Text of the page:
My wife Heather is not a fan of January.
The antipathy goes back to her school days, when January meant not just returning to school, but returning without an escape hatch. She and her classmates faced a long, cold, bleak month without the enchantment of Christmas or the myriad minor holidays of February – indeed, hardly anything to break up the barren landscape of the calendar at all.
With, of course, one significant and recent exception.
I’ve written before that King Day is a curious holiday. It’s one of the few we have that’s dedicated to a person instead of an event. It’s a reminder of a fiery time, placed in the middle of a frozen month. (In many ways, the August anniversary of the “I Have a Dream” speech might be more appropriate.)
And it’s about the only time, other than Christmas, when we spend a holiday talking about peace.
Please don’t think that I’m just referring to Martin Luther King Jr.’s dedication to nonviolence. That is an important part of his legacy and one that might have even surprised him at the beginning of his career, when armed guards and weapons for self-defense seemed to be an option worth considering. As we know, he finally made a powerful and famous choice to walk a different path, one that still inspires people today.
But that’s not what I mean by peace.
It’s a complicated word, really. A couple of my friends – one a pastor, one an author – like to point to the distinctions between two of the “peace” words, the Latin “pax” and the Hebrew “shalom.” The first, they note, is an end to open hostilities, a basic lack of violence. Under that definition, so long as you do not have war, you have peace, regardless of how resentful or conflicted the setting may be otherwise.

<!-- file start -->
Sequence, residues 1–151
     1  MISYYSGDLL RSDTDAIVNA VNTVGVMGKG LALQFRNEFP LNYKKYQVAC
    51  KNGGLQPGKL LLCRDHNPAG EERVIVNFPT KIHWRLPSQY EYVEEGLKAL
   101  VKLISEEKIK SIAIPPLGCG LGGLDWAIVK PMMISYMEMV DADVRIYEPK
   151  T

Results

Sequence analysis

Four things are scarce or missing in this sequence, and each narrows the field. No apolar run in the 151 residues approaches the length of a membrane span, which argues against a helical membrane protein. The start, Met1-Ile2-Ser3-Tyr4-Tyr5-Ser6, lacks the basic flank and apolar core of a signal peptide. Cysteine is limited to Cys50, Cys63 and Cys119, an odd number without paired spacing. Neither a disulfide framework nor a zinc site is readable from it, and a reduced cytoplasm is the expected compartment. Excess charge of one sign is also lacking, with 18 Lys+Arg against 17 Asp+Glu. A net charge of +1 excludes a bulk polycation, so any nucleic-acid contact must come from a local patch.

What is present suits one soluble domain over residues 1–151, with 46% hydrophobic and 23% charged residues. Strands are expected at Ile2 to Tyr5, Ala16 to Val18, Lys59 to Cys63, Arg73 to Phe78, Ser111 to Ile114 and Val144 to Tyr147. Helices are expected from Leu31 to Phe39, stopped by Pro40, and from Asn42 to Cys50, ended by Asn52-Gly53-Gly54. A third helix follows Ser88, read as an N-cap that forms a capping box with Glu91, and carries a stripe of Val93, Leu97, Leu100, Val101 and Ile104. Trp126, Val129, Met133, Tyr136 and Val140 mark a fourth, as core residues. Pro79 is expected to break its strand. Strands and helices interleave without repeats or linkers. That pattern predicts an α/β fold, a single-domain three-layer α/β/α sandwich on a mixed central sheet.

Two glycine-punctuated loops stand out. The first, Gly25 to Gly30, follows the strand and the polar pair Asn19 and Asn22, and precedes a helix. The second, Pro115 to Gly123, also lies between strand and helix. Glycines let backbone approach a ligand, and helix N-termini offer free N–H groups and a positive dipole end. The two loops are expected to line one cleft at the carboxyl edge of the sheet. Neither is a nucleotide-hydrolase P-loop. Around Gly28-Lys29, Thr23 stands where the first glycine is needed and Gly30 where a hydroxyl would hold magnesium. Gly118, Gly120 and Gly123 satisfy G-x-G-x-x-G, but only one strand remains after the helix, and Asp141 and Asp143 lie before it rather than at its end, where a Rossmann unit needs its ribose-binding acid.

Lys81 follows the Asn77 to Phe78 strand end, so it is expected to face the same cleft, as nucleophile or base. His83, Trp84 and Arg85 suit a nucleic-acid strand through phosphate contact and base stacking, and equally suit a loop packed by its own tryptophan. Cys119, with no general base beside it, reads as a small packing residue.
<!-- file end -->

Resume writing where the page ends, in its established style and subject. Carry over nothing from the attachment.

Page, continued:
The second is something else. A “shalom” peace is a wholeness, a restoration of balance. Under that definition, peace is what you get when things are restored to the way they were meant to be. It has the broader implications of the English word “harmony,” of differences not clashing, but creating a more beautiful whole.
That’s a much more difficult goal to reach. But also a more embracing one.
One can have the first kind of peace and still have injustice, hatred and fear. In fact, “pax” is often just a breathing space between wars, the sort of thing seen in Germany of the ’20s and ’30s, where peace exists mainly because one side lacks the ability to act on its anger … for now.
The second kind—that’s the kind that echoes through King’s words again and again and again.
“True peace is not merely the absence of tension; it is the presence of justice.”
“We adopt the means of non-violence because our end is a community at peace with itself.”
“If you love your enemies, you will discover that at the very root of love is the power of redemption.”
“I have a dream that one day on the red hills of Georgia, the sons of former slaves and the sons of former slaveowners will be able to sit down together at a table of brotherhood. …”
Not just the absence of wrong. But the presence of right.
That’s worth advocating. And it’s worth remembering. Even in the coldest, bleakest month in the year. Maybe even especially then – when are we more aware of the need for heat, for light, for the warmth of friends and neighbors?
The power to redeem January. Now that’s something.
And if it’s still a little difficult to rise in the darkened mornings and slide back to work or school – well, so be it.
After all, peace is a great dream. But no one ever said it wouldn’t require snow tires.